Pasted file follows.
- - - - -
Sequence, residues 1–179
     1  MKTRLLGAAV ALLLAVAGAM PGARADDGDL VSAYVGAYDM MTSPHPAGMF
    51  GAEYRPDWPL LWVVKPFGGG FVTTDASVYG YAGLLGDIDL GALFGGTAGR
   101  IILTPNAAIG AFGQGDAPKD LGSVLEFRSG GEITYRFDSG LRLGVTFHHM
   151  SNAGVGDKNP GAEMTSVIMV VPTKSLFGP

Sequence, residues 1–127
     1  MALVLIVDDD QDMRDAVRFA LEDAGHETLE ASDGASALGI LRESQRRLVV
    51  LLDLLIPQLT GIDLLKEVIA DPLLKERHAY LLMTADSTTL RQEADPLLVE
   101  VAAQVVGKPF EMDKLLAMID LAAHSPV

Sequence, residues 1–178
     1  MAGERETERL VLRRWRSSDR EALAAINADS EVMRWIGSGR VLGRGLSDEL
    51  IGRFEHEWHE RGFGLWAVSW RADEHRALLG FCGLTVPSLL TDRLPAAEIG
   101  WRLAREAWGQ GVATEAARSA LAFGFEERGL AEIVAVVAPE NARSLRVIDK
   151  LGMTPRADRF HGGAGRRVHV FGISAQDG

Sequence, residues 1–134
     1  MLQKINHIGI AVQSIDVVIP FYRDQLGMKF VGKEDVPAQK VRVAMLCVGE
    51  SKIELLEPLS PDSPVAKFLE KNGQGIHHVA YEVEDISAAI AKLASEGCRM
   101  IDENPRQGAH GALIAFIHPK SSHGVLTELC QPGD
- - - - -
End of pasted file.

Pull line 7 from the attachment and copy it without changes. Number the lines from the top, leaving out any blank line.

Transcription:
     1  MALVLIVDDD QDMRDAVRFA LEDAGHETLE ASDGASALGI LRESQRRLVV